Pituitary stalk interruption syndrome (PSIS) – a rare cause of short stature

M. S. A. Cooray, N. P. Somasundaram, T. Rajapakse, S. Dayaratne, H. Chandrasena
2015 Sri Lanka Journal of Diabetes Endocrinology and Metabolism  
A 16 year old girl was evaluated for short stature and delayed puberty. She was noted to be shorter than her twin sister since infancy. Her parents, twin and two other siblings had normal growth and development. Although her twin went through puberty at 12 years of age, she failed to develop any sign of puberty. There were no symptoms of hypothyroidism, adrenal insufficiency, polydipsia or polyuria. The patient was a product of non-consanguineous marriage and the first born of twins,
more » ... f twins, deliveredwith breech presentation. Although there was a history of early neonatal seizures with prolonged ICU stay and delayed developmental milestones compared to her twin, there had been no chronic medical problems later on and she Images in Endocrinology performed well at school. The social, family and peer interactions were normal with no behavioural problems. There was no history of short stature or primary amenorrhoea in the family. On examination her height and weight were less than the 3rd percentile and she was pre pubertal (Tanner stage 1). White blood count (WBC), erythrocyte sedimentation rate (ESR), urinalysis (UA), and serum electrolytes were normal. Her hormone analysis is shown in table 1. The X ray hand showed the bone age to be 6 years (Pyle and Greulich). MRI brain revealed an absent anterior pituitary, Figure 1. MRI brain (a) sagittal and (b) axial images showing an absent anterior pituitary and ectopic posterior pituitary located in the region of the hypothalamus with absent pituitary stalk.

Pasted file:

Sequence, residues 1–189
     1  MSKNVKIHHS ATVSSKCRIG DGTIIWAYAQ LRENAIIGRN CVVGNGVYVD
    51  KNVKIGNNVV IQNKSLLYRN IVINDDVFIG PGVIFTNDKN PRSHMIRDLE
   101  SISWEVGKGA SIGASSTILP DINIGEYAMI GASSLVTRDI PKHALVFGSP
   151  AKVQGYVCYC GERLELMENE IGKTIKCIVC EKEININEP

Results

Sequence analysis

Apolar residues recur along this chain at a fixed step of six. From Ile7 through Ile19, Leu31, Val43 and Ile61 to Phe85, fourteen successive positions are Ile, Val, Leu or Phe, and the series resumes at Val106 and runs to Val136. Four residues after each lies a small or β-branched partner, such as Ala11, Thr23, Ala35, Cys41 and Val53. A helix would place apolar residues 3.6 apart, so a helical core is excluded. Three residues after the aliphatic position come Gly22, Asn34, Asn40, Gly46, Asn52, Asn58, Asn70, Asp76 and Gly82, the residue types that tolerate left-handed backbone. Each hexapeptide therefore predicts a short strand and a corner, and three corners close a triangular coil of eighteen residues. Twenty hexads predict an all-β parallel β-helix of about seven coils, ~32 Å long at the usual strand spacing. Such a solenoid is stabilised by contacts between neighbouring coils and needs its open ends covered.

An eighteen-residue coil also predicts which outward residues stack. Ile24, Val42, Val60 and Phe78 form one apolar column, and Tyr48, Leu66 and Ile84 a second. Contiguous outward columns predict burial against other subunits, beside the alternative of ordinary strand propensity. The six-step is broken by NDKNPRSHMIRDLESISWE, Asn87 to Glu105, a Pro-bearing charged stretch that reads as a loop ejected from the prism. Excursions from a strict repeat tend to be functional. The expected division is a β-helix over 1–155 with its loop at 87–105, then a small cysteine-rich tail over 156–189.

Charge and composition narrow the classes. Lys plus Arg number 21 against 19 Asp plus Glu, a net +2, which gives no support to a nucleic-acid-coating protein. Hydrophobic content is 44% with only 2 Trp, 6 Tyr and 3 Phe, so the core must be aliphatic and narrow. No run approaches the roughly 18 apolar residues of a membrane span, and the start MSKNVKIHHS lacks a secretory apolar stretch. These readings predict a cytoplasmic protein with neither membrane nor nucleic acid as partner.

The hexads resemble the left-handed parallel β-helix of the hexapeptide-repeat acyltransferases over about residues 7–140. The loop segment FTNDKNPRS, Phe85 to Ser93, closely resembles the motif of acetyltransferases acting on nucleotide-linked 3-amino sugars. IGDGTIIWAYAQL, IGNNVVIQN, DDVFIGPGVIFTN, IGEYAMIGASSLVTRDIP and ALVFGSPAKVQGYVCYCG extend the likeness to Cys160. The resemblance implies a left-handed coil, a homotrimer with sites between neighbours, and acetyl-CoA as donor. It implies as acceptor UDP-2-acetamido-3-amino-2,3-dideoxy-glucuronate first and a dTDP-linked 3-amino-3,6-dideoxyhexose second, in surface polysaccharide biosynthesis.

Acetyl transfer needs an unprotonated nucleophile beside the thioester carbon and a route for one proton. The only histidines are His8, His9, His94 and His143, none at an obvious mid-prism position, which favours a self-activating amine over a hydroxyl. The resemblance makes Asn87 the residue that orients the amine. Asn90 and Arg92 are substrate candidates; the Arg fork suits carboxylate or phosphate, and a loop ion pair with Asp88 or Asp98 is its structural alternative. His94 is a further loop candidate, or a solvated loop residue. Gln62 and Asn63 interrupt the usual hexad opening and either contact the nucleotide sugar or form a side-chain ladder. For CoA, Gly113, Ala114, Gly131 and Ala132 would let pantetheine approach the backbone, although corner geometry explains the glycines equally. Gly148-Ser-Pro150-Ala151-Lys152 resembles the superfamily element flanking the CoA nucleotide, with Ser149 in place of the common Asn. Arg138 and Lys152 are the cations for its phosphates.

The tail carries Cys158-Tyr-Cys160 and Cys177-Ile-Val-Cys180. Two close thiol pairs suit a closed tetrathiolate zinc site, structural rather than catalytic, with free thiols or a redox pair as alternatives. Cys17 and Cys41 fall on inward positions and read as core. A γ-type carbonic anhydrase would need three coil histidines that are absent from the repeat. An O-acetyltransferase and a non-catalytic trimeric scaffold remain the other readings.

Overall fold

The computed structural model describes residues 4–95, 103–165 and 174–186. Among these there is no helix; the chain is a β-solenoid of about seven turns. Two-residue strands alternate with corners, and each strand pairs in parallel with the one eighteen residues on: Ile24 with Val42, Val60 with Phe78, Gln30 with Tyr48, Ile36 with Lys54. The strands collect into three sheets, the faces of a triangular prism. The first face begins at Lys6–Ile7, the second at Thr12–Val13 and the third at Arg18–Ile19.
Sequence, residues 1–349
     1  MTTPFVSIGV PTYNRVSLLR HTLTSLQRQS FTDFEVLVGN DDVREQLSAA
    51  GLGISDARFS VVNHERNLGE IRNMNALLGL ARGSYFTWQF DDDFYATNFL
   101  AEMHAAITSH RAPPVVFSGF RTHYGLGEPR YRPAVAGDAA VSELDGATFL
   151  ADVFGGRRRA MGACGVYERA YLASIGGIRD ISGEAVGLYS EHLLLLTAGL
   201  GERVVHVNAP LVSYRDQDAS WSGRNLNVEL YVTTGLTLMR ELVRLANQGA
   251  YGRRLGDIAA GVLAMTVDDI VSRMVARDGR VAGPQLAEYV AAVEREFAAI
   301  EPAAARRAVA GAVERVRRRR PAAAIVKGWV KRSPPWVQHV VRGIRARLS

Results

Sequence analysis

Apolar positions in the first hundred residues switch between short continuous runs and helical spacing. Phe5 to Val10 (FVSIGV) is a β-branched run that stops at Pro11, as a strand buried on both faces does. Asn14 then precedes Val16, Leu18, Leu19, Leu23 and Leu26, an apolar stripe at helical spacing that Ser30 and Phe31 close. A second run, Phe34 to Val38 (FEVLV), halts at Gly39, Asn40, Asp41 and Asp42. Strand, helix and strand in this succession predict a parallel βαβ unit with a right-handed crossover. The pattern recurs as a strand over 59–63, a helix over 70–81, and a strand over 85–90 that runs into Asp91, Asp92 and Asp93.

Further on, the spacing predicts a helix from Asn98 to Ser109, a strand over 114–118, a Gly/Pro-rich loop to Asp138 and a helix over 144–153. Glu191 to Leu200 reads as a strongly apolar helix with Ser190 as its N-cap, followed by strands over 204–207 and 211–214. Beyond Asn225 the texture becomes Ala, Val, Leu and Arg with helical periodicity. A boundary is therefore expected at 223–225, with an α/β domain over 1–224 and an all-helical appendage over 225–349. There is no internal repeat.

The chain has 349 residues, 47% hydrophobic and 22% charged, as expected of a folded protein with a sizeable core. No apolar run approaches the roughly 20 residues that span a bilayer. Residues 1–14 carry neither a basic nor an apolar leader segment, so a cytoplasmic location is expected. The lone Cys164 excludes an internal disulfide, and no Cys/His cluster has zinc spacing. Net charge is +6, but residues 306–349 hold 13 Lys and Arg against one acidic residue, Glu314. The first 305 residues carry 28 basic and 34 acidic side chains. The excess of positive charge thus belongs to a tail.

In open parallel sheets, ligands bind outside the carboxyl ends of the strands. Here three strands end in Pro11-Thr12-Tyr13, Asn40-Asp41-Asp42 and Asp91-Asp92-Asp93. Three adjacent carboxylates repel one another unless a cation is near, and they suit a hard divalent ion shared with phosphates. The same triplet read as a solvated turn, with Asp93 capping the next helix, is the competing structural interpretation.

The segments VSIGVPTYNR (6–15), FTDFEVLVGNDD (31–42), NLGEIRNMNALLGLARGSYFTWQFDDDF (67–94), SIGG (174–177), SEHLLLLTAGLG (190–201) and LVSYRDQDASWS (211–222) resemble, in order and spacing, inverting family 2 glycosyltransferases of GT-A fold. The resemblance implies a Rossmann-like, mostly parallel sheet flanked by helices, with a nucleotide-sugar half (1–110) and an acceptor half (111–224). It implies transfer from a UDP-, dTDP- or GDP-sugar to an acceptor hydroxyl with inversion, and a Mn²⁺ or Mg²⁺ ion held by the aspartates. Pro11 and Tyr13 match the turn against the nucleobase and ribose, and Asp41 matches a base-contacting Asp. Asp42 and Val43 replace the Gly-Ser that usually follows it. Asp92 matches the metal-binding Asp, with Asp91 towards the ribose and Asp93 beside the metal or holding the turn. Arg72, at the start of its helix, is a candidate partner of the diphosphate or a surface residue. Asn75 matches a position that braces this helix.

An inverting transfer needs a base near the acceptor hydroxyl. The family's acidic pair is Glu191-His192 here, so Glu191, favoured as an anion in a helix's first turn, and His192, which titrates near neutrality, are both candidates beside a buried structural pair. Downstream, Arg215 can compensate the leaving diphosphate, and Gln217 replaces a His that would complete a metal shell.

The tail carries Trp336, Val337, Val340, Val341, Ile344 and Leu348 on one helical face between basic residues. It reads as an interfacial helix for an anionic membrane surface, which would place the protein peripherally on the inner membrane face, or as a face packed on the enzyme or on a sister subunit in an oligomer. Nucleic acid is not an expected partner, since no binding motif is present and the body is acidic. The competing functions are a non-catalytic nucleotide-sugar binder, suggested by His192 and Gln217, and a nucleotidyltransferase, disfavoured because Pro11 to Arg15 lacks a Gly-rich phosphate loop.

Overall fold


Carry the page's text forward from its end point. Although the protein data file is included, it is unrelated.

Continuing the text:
doi:10.4038/sjdem.v5i1.7275 fatcat:4sxmzmsouzdzhmlchudffreiwq